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Kids grow up, but the worry never ends

July 21, 2002|by BOB MAGINNIS

Some friends of ours have a grown daughter, now in her 20s, who lives in a house with no roomMates. One recent Sunday, she called her mother and said she would be over later that day.

The day wore on and no daughter. Mom began to worry. She called a few of her daughter's friends, who said that, no, they hadn't seen her, but would have her call if they did.

More time went by and the daughter didn't show and no one called. Mom began to worry. A woman alone in a house. People do fall down the stairs sometimes. What if she's hurt and can't get up to call for help? What if her life is ebbing away at this very moment and we could save her if we act right now?

The husband was dispatched to check on the daughter, whom he found safe at home, a little irritated that her mother had tried to track her down as if she were some stupid runaway teen. Plans change, so what's the big deal?

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I know what the big deal is because I've been in that situation, riding around looking for a child who should have let us know where he was going to be, but didn't. When found, the reaction of the missing one is always a variation on this line:

"Hey, I'm an adult now, so you don't have to worry about me."

If only it were so easy, and humans were like those wild animals on the Discovery Channel who care for the cubs only so long, then drive them out of the den. Humans, or at least the ones with any heart, are stuck with the job for life.

It begins when the babies are born, and you wonder if they'll break if you handle them the wrong way or don't put the right amount of ointment on their tiny bottoms or let some fool who's "almost" over the flu get too close.

At this stage, you wake up at night for no reason and wonder if it was because the baby was choking and you didn't hear it. And then when you go to check, the child is laying so still it scares you, so you stand there in the dim light, looking closely to see if you can see the tiny chest moving up and down with each breath. And then you're awake for the rest of the night.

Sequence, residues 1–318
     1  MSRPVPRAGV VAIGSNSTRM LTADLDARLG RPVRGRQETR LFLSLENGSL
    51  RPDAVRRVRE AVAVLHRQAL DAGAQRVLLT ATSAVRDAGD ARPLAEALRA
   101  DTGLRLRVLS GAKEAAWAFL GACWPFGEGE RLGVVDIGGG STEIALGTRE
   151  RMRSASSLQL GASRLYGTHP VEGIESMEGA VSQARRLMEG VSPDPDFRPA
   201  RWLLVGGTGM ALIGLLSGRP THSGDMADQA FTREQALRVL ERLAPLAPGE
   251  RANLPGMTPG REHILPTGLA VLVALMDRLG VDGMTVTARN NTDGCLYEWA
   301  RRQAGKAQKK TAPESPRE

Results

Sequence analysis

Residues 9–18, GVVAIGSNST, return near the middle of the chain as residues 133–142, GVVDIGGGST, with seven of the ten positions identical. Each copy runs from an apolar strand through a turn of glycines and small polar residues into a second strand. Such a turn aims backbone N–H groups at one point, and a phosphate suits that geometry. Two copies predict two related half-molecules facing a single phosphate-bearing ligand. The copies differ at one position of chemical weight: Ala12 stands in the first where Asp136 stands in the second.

I can't wait for them to walk, you say, because then they'll toughen up. Except that when they start walking they want to do more dangerous things. Our 50-year-old house came with a pair of glass-paned French doors, which we put in the attic for 10 years, afraid that a child would put a hand through one of them.

Talking is one of the things we looked forward to because at least someone who can talk can tell you what's wrong or where it hurts, right? Except that sometimes they didn't, particularly when "no" was their favorite word or when they suspected that they'd have to swallow some yucky medicine or endure a rectal thermometer.

Parents today have baby monitors and digital thermometers that can take a temperature in a few seconds, but they have other concerns.

Like school. From nursery school on, we worry. Will they be well-liked, or at least get along? Will they learn quickly and get good grades, or will they end up in some menial job that pays $8 an hour and leads to the early onset of arthritis?

How about driving? There's an activity that every kid wants to do which makes it possible for them to kill themselves and others after the tiniest possible lapse in judgment, which can happen when their senses are clouded by a rush of hormones.

Which brings us to young love, a condition that means your child will spend hours on the phone either talking about how wonderful everything is or about how life is over and nobody will ever love them again.

And could somebody in this relationship get pregnant? We worry that that would mean a lifetime of dealing with someone we're not sure we approve of, but didn't want to say so for fear it would drive the two of them closer together.

Eventually most of them grow up and move away, but unlike animals, whose instinct tells them they have to stop worrying about the present batch of young ones so they can raise the next bunch, humans are stuck in perpetual worry mode.

It's like we've still got a fistful of quarters and an itchy flipper finger, but somebody's taken away all pinball machines. And so we think about what might be happening to people who aren't there any more, who are probably doing quite well on their own and who don't understand why we're so upset when they aren't where they say they're going to be.

None of this is to say that parenting is a complete nightmare. But for every Little League base hit, there's a skinned knee to go along with it, and the worry that a hardwood bat will slip out of some other child's hands at high speed, and maim your youngster.

Remember two things when you're playing kootchie-koo with some adorable infant. The first is that every beautiful baby fills up four - or more - diapers every day with some nasty stuff. The second is that you're able to stand upright and goo-goo at that child because some adults in your family made sure you didn't fall down the stairs and break your brains. So if you tell mom you're coming over and your plans change, please call.

Bob Maginnis is editorial page editor of The Herald-Mail newspapers.

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